On the other hand, it will force reality upon everyone worldwide, but I should qualify that.  Only the “modern world” (desperately) needs this reality check — the rest of the world already well knows how serious things are.  We’re the one’s living cushioned air-conditioned lives, exploiting and consuming resources faster then anyone else.  This is creating a false sense of security and comfort and the illusion of hope.  It doesn’t necessarily take much to twist that hope into a pile of bent metal when nature strikes back.

If that happens to you — then now is definitely the time you should be asking yourself — Where are you going to live when all the ice is gone?

admin

admin at survivalacres dot com

7 thoughts on “Where Are You Going To Live When All The Ice Is Gone?

  • August 13, 2012 at 10:19 am
    Permalink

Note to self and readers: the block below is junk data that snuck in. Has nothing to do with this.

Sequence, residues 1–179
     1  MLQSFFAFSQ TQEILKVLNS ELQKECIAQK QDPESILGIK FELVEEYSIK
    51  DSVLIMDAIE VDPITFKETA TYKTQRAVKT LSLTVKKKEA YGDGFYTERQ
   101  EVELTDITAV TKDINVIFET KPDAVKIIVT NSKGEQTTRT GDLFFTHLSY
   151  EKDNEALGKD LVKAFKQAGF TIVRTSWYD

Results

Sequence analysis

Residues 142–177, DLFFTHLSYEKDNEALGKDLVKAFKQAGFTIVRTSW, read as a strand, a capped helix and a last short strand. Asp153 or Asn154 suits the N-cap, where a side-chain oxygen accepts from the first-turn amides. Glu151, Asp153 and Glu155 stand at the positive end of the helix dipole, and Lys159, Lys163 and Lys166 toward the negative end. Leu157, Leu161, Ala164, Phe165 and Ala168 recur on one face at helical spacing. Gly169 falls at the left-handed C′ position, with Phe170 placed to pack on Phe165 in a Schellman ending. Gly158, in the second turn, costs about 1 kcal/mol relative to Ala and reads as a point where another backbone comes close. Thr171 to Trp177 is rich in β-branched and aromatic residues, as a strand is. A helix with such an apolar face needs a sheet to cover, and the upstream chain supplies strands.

Excellent question. There will be nowhere safe to go, ultimately, but as always I appreciate your blunt assessment, so refreshing because almost everyone is afflicted with hopium, even people who peddle doom by selling books and giving lectures.

    Minor quibble:

    “I’m watching plants and trees wither and die outside my office window.”

    It’s the ozone! Even plants in pots being watered – tropical plants that like exceptionally hot temperatures – are withering and dying.

    • August 13, 2012 at 10:35 am
      Permalink

      The air quality here is pretty bad, nearby mountains (about two miles) are very hazy. Fires someplace, but I’ve not looked into where. Maybe from Siberia, which is still burning very badly.

      There is also a lot of beetle kill. I’ve had to remove dozens of trees this year and there’s more outside to do. I had a forester look them over, his report was gloomy. Beetles are wiping out entire forests now.

      Of all the things that we worry about — I’m persuaded that this topic (environmental / climate collapse) remains the most important of all. Almost everything else is survivable.

      • August 14, 2012 at 4:04 pm
        Permalink